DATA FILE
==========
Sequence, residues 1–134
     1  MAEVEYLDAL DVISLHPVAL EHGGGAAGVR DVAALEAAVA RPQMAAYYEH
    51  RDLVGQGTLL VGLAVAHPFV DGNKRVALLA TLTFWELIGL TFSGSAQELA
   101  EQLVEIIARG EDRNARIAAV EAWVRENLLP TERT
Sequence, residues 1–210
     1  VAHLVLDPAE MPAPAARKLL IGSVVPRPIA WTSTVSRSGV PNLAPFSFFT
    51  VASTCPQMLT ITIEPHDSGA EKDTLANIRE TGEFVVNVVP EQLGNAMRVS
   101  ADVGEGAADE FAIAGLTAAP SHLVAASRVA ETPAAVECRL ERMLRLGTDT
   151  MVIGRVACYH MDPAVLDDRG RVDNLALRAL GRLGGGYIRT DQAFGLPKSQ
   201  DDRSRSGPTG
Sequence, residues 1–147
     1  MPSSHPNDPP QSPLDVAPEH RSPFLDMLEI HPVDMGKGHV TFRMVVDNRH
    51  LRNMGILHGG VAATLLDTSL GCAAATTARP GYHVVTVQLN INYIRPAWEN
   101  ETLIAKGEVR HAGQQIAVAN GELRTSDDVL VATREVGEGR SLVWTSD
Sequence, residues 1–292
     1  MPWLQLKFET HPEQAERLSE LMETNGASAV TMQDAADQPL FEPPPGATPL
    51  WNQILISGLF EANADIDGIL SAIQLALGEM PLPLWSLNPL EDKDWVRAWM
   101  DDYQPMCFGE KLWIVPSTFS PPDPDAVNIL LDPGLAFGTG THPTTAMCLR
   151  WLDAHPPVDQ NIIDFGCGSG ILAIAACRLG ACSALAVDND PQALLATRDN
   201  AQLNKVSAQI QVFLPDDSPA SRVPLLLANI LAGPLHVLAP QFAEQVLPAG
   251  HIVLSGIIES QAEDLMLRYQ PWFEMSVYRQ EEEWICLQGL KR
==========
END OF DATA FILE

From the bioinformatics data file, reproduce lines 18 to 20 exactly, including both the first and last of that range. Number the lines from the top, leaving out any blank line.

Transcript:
   101  DDYQPMCFGE KLWIVPSTFS PPDPDAVNIL LDPGLAFGTG THPTTAMCLR
   151  WLDAHPPVDQ NIIDFGCGSG ILAIAACRLG ACSALAVDND PQALLATRDN
   201  AQLNKVSAQI QVFLPDDSPA SRVPLLLANI LAGPLHVLAP QFAEQVLPAG